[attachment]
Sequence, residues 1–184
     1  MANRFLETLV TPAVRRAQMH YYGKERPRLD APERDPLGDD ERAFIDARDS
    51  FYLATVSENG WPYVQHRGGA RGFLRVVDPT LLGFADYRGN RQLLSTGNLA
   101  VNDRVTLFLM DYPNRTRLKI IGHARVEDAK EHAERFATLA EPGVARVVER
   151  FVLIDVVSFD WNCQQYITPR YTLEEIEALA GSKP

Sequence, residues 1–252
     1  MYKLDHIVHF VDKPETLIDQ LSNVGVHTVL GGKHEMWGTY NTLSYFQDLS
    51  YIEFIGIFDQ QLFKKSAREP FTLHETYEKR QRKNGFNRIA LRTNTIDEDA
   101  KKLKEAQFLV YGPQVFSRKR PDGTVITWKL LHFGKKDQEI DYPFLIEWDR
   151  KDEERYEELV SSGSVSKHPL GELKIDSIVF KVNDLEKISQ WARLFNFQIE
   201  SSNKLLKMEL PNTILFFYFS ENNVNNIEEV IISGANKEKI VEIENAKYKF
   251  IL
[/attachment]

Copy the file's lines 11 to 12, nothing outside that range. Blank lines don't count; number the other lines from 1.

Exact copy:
   201  SSNKLLKMEL PNTILFFYFS ENNVNNIEEV IISGANKEKI VEIENAKYKF
   251  IL